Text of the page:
National Congress on verge of extinction, say leaders

Hopes for a workable, well-funded Indigenous Congress — once lauded as a turning point in Australia’s reconciliation process— are in tatters, with the organisation set up to unite Indigenous Australians on the brink of folding.

Directors of the National Congress of Australia’s First Peoples are seeking urgent talks with Prime Minister Malcolm Turnbull.

Chairman Rod Little said the Coalition government had not given the Congress enough time to get on its feet and it needed more funding.

“Congress has only had five years,” he said. “There are some things that aren’t perfect for us, but if we look at Indigenous representative bodies around the world, for example the Northern American Indian congress, that took 30 years of development and had a relationship with the US Congress.

“This is the kind of relationship we need to have with the Parliament of Australia so that the First People of this country can be duly recognised and valued and the rights of our people can be represented and acknowledged.”

Mr Turnbull’s office did not respond to inquiries from the NIT. Mr Turnbull met with Mr Little and Congress co-chair Jackie Huggins in Sydney in April.

Mr Little said this week they were having difficulty getting through to the Prime Minister and his office seemed to be biased against them.

“I don’t want to be pointing the finger at anyone, but that is disrespectful of the democratically-elected voice of the people,” he said. “To treat First Australians like this is disgraceful.”

He said the organisation had shrunk from more than 30 employees to a handful of volunteer and part-time workers, hampering its ability to do its job. Its chief executive officer also recently left.

“When we knew we were looking down the barrel of less and less chance of resources then most people including the CEO were looking for other opportunities,” Mr Little said.

In 2011 when the Congress was launched there had been high hopes for its future.

Former Aboriginal and Torres Strait Islander Social Justice Commissioner Mick Gooda said it marked a new beginning for effective national representation of Australia’s First People.

In a statement at the time he said the moment would go down in history as a turning point in Australia’s reconciliation process.

But critics of the Congress have been unhappy with its performance and called for reform.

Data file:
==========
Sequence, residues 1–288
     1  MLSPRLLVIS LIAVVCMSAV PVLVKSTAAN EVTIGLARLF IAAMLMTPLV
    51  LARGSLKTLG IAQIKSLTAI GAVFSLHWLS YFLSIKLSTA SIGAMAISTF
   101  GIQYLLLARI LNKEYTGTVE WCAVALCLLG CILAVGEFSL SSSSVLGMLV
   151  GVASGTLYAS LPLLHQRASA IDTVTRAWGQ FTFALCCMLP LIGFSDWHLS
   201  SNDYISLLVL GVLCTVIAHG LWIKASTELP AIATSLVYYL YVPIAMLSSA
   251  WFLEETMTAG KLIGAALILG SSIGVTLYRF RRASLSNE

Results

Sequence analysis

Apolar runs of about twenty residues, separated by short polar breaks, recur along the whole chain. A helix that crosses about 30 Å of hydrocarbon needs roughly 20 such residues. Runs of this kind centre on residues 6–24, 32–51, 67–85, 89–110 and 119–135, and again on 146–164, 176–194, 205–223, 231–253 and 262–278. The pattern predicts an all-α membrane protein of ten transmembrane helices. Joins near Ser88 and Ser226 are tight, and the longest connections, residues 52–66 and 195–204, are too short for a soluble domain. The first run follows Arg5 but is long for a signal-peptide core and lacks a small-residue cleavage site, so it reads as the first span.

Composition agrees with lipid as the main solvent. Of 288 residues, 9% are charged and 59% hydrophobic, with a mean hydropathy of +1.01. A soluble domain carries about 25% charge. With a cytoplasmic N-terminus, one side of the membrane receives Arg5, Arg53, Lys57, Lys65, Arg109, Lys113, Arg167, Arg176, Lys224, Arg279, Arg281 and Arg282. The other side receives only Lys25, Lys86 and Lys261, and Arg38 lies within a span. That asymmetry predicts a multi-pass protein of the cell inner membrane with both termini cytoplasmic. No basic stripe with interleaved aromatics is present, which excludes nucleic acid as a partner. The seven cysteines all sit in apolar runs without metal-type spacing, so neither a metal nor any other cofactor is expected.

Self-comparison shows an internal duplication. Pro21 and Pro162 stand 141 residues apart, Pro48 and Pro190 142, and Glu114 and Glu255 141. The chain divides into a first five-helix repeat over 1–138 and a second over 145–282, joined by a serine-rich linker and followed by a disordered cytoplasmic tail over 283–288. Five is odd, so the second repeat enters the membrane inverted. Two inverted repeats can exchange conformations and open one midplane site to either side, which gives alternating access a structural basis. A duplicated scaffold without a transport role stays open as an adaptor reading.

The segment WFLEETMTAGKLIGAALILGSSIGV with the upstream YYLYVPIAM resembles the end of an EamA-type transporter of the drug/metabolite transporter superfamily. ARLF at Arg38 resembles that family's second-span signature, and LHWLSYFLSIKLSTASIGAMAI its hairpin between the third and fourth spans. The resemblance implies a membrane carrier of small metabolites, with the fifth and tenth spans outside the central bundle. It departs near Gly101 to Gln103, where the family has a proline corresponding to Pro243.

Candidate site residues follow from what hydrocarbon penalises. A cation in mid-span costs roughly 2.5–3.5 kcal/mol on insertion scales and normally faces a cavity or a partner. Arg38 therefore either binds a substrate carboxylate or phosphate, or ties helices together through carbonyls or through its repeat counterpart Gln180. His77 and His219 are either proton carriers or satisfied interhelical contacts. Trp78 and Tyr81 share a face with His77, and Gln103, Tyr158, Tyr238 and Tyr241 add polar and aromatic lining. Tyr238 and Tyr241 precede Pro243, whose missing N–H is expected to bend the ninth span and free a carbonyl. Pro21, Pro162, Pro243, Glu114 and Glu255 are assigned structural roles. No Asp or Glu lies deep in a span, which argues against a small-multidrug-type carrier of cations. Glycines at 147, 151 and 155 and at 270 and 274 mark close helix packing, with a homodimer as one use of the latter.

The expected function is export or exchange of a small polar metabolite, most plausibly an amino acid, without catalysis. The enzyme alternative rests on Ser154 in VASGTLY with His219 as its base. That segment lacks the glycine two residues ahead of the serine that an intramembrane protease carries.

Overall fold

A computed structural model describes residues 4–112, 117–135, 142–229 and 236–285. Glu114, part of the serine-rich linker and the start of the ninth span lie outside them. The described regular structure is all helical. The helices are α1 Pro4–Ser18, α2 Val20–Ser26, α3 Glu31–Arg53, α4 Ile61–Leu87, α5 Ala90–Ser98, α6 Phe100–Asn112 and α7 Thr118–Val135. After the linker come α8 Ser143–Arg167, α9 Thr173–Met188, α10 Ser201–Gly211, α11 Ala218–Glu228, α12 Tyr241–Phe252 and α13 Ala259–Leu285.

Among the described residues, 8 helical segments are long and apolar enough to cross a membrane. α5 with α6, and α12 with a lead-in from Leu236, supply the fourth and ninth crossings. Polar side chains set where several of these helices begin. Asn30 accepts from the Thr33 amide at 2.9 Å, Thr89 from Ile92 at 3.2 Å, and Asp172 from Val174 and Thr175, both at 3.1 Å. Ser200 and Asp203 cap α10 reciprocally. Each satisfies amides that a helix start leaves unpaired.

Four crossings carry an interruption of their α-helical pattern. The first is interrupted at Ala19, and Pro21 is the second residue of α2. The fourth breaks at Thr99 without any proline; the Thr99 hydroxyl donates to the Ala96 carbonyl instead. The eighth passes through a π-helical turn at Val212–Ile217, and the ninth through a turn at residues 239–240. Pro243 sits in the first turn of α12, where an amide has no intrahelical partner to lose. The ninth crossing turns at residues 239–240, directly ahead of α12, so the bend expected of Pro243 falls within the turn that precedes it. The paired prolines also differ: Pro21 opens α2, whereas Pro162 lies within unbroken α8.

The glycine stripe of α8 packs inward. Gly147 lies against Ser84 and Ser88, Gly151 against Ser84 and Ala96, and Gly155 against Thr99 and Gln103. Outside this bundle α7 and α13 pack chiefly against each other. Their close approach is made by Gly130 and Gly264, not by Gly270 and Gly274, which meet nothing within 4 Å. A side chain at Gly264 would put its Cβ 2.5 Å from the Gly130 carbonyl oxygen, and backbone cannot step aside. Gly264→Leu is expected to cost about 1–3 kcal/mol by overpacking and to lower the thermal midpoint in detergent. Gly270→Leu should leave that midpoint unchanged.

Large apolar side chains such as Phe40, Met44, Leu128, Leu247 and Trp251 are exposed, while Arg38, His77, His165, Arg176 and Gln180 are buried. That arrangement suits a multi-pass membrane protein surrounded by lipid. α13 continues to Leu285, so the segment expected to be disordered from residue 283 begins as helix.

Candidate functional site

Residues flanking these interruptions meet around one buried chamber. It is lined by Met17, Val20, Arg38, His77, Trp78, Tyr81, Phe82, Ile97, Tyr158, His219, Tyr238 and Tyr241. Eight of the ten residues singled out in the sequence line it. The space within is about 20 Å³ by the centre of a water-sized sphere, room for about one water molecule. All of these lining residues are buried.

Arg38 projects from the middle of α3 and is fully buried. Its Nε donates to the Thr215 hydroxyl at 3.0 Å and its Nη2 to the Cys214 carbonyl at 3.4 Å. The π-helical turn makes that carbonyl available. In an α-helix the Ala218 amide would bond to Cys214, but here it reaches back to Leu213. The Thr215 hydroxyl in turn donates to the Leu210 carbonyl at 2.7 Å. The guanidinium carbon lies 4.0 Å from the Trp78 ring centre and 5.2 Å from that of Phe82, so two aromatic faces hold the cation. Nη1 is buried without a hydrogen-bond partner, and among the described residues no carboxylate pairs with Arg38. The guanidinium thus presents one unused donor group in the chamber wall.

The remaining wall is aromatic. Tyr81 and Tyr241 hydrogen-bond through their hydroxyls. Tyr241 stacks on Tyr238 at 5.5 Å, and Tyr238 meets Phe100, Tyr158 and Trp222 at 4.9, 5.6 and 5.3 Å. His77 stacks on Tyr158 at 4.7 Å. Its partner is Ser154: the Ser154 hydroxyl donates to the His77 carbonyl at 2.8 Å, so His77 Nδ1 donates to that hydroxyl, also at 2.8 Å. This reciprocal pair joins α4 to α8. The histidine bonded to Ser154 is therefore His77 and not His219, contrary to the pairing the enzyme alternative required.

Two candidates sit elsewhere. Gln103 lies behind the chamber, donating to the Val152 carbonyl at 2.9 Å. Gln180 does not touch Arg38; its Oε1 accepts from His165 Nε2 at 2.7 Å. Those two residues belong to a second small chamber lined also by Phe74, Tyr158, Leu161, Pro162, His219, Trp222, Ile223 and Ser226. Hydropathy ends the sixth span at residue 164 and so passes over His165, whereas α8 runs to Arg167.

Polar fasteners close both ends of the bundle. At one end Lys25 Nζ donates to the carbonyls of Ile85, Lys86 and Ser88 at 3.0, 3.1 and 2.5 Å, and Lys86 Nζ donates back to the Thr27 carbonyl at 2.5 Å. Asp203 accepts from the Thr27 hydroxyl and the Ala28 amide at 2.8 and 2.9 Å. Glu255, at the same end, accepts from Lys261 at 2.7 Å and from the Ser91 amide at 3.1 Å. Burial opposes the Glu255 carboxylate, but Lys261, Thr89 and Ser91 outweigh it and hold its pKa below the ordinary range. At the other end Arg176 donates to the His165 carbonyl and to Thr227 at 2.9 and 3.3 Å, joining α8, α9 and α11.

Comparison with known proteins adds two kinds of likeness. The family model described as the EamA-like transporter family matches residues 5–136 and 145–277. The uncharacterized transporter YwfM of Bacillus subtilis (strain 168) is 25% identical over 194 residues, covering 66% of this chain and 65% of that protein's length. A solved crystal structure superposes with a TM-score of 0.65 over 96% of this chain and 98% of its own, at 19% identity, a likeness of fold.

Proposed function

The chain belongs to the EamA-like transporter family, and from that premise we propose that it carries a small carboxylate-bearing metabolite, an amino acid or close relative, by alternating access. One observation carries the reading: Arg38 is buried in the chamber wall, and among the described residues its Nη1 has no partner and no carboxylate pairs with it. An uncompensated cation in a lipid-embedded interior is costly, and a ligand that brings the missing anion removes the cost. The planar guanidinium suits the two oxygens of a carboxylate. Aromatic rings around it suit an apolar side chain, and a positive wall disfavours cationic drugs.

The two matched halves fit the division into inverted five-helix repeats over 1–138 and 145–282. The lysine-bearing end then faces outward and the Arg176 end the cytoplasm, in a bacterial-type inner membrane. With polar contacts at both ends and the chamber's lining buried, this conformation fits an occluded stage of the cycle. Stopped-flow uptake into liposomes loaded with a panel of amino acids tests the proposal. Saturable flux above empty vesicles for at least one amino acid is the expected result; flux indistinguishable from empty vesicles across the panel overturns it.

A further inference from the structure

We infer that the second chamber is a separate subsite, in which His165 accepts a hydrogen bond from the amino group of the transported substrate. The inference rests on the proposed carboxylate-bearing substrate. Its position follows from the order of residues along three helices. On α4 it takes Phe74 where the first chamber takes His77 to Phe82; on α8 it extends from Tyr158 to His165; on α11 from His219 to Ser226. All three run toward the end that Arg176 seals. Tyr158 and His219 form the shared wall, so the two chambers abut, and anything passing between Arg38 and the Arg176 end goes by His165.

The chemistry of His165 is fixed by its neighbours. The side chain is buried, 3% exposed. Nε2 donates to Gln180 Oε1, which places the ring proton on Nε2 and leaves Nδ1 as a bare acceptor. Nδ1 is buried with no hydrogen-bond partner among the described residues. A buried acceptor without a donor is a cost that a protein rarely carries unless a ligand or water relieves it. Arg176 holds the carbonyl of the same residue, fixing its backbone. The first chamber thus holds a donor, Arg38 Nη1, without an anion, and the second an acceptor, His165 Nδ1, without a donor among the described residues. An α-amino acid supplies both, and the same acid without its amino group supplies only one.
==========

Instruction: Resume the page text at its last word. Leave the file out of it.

Mr Little said the Congress received $29 million from the former Labor government for its establishment. Labor had pledged another $15 million to keep it running until 2018 and it had had time to find ways to support itself.

But he said the Coalition government had a different agenda when it came to power in 2013.

“Congress is the only national voice for Aboriginal and Torres Strait Islander people,” he said. “It’s the only body elected democratically by its people.

“We represent almost 9000 individual members and we also have almost 200 community organisations, national peaks, as well as service providing organisations.

“If you think about that network the reach is potentially hundreds of thousands of Aboriginal and Torres Strait Islander people.”

Mr Little said all political parties needed to collaborate to make sure the Congress was not at the whim of whichever party was in government.

“There needs to be some vision from the Parliament of Australia,” he said. “The Parliament needs to realise the value Congress can do. Change doesn’t happen if you are talking about long-term social change during a term of government.

“That’s what we’re up against. That’s why we want to have a fundamental relationship with the Parliament of Australia and we can say on the international stage that Australia is upholding its obligations on human rights but also the rights of the First Peoples.”

Mr Little said he did not know how much longer the Congress could last. He said it was looking at the possibility of introducing membership fees which could range from $10 for an individual up to $100 for organisations.

“If we don’t have funds in our account to pay the rent we will be homeless,” he said.

In June this year the Congress and other peak Indigenous organisations released The Redfern Statement, which called for urgent government action in overhauling Indigenous strategy, engagement and funding.

Wendy Caccetta


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